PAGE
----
Summary, in English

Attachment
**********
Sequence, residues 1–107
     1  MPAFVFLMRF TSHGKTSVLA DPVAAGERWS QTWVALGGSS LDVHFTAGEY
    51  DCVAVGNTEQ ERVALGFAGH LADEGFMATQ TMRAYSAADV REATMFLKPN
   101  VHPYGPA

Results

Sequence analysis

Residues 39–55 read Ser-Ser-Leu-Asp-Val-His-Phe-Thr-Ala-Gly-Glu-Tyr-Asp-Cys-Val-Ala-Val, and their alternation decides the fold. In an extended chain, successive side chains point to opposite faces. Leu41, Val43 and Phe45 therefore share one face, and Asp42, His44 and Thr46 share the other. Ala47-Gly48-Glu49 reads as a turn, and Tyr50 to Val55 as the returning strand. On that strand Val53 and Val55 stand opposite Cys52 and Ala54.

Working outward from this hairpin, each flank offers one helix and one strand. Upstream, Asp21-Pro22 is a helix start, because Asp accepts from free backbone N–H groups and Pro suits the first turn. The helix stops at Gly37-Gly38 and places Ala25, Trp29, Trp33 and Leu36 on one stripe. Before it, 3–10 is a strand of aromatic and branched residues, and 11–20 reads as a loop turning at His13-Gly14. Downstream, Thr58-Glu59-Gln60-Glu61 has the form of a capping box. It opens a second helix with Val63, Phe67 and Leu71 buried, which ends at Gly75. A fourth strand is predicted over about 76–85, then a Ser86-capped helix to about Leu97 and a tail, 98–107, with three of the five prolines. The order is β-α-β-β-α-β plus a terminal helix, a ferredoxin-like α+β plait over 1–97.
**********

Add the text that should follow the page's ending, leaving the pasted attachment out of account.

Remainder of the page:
The terms “gender” and “sex” are central to feminist concerns. In English scholarship “gender” is disputed within and outside of feminism, despite its seemingly political correctness as an alternative to “sex” (Olson 2012; Gunnarsson 2011). This thesis aims to describe how “gender”, multi-word expressions with “gender”, and the derivative “gendered” are translated into Arabic target texts (TTs) by the transnational Muslim feminist movement Musawah for Equality in the Family, funded by UN Women. The study further investigates if a distinction between “gender” and “sex” in the Arabic data is made. Anchored in descriptive translation studies (Tymoczko 2007), and due to the variation in translations of constructions with “gender” into Arabic, this study also adresses theoretical understandings of equivalence in postpositivist and feminist translation studies (Nida and Taber 1982; Godard 1989; Flotow 1997). A Total of 87 pages of Arabic text was read. “Gender” as a single word, in a multi-word construction, or as the derivative “gendered” occurred 133 times. “Sex” or “sexes”' occurred eight times, and thus 141 relevant cases were identified. Of these, 39 are presented in the analysis, since similar translations occurred several times. For example, “gender equality” occurred 32 times in the STs, but just two different translation solutions were identified in the TTs, and thus these two are presented. The study shows that, although the movement tends to use various different equivalents to the word “gender” some multi-word expressions e.g. “gender equality”, have more established Arabic equivalents. Further it is shown that, ccasionally, a distinction is constructed between “sex” and “gender” in Arabic. Musawah uses mainly “jinsayn”, “nawʽ” or “jindar” to denote “gender” in the TTs, and in some cases the meaning of “gender” is transformed into specific identity categories such as “women and men”.